White House Wuhan Coronavirus Taskforce member Dr. Fauci admitted in a recent New York Times interview that he has been changing the numbers on herd immunity for the public based on "a gut feeling" Americans can now handle the truth. From the story (bolding is mine):
Recently, a figure to whom millions of Americans look for guidance — Dr. Anthony S. Fauci, an adviser to both the Trump administration and the incoming Biden administration — has begun incrementally raising his herd-immunity estimate.
In the pandemic’s early days, Dr. Fauci tended to cite the same 60 to 70 percent estimate that most experts did. About a month ago, he began saying “70, 75 percent” in television interviews. And last week, in an interview with CNBC News, he said “75, 80, 85 percent” and “75 to 80-plus percent.”
In a telephone interview the next day, Dr. Fauci acknowledged that he had slowly but deliberately been moving the goal posts. He is doing so, he said, partly based on new science, and partly on his gut feeling that the country is finally ready to hear what he really thinks.
Hard as it may be to hear, he said, he believes that it may take close to 90 percent immunity to bring the virus to a halt — almost as much as is needed to stop a measles outbreak.
Dr. Fauci said that weeks ago, he had hesitated to publicly raise his estimate because many Americans seemed hesitant about vaccines, which they would need to accept almost universally in order for the country to achieve herd immunity.
Dr. Anthony Fauci has been slowly but deliberately moving the goal posts on when herd immunity is possible. He is doing so, he said, partly based on new science, and partly on his gut feeling that the U.S. is finally ready to hear what he really thinks. https://t.co/W7hVXpoF0X— The New York Times (@nytimes) December 24, 2020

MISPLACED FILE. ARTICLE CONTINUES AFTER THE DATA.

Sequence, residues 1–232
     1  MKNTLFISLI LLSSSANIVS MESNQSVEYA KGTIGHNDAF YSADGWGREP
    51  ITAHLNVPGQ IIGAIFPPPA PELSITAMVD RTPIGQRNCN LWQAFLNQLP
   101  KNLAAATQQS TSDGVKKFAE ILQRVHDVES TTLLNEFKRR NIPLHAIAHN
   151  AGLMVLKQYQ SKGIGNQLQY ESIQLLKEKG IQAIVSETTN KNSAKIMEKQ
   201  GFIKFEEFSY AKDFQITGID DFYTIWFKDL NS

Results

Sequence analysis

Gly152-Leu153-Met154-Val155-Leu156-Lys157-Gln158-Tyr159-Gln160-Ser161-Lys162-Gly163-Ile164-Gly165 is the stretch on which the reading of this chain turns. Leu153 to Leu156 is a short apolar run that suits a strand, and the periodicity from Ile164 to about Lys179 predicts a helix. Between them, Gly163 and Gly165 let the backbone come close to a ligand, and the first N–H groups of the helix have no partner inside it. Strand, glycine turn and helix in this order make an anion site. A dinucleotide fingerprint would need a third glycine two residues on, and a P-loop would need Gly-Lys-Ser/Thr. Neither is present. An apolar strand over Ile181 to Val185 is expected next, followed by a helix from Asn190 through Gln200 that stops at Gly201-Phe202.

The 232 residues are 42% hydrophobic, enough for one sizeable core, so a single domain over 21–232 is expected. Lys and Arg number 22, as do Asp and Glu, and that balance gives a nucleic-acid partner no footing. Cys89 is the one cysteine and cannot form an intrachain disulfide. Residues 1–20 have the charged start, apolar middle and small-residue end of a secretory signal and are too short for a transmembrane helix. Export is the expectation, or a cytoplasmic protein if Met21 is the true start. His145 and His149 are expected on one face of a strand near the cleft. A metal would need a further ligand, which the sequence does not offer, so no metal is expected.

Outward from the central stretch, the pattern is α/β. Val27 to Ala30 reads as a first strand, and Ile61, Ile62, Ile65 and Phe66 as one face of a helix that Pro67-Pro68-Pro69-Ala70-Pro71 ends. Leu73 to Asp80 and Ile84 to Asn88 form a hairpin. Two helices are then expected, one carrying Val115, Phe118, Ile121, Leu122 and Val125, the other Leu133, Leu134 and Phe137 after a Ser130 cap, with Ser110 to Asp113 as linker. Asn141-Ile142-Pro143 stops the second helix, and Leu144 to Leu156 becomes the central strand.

Early on in the pandemic, Fauci declared that Americans should not wear masks. Now, he demands they wear one, nearly at all times, and says they should continue to do so even after they are vaccinated. From a CNN interview last weekend:
TAPPER: Once somebody has been immunized -- I guess, for Pfizer, it's two doses. I'm not sure what it is for Moderna or the other vaccines coming down the pike.
But once it's -- once the process is complete, does that mean they can take off their masks, they don't have to social distance, they can just go about their lives as before?
FAUCI: I would recommend that that is not the case. I would recommend you have an added area of protection.
Obviously, with a 90-plus percent effective vaccine, you could feel much more confident. But I would recommend to people to not abandon all public health measures just because you have been vaccinated, because even though, for the general population, it might be 90 to 95 percent effective, you don't necessarily know, for you, how effective it is.